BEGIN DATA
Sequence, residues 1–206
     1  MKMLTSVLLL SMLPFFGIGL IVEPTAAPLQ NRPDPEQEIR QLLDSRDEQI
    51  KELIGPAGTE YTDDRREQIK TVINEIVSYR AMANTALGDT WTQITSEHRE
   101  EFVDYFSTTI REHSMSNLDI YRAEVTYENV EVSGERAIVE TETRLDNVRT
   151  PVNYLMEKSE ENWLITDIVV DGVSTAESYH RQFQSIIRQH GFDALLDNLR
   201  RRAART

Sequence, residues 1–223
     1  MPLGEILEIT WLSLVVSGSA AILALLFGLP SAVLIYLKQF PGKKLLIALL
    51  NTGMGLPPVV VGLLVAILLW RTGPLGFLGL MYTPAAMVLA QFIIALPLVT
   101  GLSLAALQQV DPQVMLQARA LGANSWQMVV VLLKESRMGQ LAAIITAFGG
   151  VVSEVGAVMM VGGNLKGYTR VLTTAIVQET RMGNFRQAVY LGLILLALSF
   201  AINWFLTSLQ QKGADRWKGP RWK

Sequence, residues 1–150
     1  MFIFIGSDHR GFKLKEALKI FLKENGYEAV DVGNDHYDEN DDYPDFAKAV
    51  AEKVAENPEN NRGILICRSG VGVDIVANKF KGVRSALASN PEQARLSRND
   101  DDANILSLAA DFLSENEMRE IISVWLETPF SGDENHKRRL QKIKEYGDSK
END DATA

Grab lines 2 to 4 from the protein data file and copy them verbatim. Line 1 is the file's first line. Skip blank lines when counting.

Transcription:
     1  MKMLTSVLLL SMLPFFGIGL IVEPTAAPLQ NRPDPEQEIR QLLDSRDEQI
    51  KELIGPAGTE YTDDRREQIK TVINEIVSYR AMANTALGDT WTQITSEHRE
   101  EFVDYFSTTI REHSMSNLDI YRAEVTYENV EVSGERAIVE TETRLDNVRT